The US has created its own military refugee problem
More Americans have fled to Canada because of the Vietnam war than have died in Vietnam. This is the story of that burgeoning exile community now estimated at from 40,000 to 100,000.
An exiled war resister himself, Roger Neville Williams tells how and why the US has lost so many of its most talented, intelligent and aware young men and women to Canada.
Alongside his experiences, thirteen of the draft resisters and deserters report their own highly individual experiences in a series of sometimes startling, often frightening, always candid interviews. The descriptions of how they made the agonizing decision to go, their new lives in exile, and the Canadian reaction to them are at once moving, alarming and thought-provoking.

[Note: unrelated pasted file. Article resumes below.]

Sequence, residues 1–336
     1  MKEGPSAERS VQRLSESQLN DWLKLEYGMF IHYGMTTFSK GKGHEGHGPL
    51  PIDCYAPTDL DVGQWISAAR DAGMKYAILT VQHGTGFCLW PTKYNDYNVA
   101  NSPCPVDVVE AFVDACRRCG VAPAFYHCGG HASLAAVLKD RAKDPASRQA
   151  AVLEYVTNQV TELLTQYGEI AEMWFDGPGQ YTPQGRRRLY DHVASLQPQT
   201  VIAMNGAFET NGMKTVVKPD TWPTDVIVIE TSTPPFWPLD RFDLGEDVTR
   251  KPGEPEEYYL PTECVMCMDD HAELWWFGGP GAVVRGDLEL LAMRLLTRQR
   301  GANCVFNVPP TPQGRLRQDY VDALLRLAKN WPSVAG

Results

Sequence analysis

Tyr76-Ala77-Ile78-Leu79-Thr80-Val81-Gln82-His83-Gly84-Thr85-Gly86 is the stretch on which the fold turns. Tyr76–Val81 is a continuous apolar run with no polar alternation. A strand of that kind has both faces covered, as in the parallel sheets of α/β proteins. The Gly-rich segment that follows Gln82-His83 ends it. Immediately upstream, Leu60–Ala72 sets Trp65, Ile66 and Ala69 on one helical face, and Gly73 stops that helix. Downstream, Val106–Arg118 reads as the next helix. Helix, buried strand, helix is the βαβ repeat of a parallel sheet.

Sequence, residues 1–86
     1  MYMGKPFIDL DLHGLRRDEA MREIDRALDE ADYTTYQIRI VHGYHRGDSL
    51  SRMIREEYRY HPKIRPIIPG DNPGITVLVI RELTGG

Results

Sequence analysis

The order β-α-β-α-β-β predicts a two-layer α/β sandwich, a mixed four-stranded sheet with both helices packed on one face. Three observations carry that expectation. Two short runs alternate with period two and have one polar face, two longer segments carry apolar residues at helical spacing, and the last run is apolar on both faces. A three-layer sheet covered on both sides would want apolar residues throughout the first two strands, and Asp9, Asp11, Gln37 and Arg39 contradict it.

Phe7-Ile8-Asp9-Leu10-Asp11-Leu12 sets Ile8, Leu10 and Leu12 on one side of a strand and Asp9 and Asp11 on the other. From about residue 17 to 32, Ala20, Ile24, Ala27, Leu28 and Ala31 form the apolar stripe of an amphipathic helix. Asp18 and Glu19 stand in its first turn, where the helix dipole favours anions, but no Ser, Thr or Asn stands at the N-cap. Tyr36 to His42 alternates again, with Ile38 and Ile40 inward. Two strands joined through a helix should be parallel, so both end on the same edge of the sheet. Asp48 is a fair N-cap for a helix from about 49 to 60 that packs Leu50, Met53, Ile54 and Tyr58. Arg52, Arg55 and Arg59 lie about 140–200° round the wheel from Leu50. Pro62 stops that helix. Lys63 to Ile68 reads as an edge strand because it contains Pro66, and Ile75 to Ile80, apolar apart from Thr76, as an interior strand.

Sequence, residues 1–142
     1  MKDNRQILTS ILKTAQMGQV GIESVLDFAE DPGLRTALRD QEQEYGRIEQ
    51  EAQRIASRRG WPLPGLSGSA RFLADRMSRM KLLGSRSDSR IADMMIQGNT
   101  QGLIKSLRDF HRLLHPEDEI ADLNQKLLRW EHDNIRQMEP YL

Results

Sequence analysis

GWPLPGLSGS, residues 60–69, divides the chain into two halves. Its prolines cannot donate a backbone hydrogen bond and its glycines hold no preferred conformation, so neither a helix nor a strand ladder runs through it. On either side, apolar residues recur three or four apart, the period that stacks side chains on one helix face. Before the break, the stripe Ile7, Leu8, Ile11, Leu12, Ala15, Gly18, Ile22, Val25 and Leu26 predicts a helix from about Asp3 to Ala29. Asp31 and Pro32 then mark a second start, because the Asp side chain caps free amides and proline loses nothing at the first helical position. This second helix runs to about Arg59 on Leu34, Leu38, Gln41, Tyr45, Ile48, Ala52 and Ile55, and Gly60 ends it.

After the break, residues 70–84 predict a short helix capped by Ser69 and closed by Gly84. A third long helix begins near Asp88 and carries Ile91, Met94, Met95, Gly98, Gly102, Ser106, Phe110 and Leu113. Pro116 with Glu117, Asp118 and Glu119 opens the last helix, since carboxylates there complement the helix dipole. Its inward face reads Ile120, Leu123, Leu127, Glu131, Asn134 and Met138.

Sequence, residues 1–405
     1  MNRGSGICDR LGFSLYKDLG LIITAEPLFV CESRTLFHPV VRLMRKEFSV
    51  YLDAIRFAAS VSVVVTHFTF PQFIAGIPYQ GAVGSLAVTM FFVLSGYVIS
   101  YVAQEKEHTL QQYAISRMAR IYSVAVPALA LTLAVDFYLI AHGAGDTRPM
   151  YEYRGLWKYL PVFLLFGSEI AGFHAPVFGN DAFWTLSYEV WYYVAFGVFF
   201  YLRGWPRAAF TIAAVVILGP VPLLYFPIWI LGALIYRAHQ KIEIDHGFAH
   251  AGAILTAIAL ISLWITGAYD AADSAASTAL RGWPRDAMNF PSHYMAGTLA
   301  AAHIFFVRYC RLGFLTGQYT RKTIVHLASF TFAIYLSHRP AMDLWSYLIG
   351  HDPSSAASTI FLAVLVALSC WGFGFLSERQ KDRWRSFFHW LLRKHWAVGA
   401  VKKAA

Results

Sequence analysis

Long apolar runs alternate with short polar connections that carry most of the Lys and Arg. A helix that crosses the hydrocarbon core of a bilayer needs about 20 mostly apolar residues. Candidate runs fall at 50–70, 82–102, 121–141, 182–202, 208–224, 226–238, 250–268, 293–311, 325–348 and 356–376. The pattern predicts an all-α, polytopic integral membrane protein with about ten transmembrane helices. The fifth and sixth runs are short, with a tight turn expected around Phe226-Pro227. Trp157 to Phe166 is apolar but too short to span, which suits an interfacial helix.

These dramatic, often emotional personal tales are perfectly complemented by Williams’ systematic history of this profound social phenomenon. With the objective eye of a professional journalist and the keen insights of a fellow refugee, Williams calmly relates the story of the anti-draft and anti-war movements.
Raised in the small Ohio town of Chardon, Roger Neville Williams spent six months motorcycling from Cairo to Capetown; was educated at the University of Colorado and at the University of Neu-chatel, Switzerland; has worked as a tour guide in Europe, as a seaman on the Great Lakes, and as a sailor aboard a schooner in the Bahamas.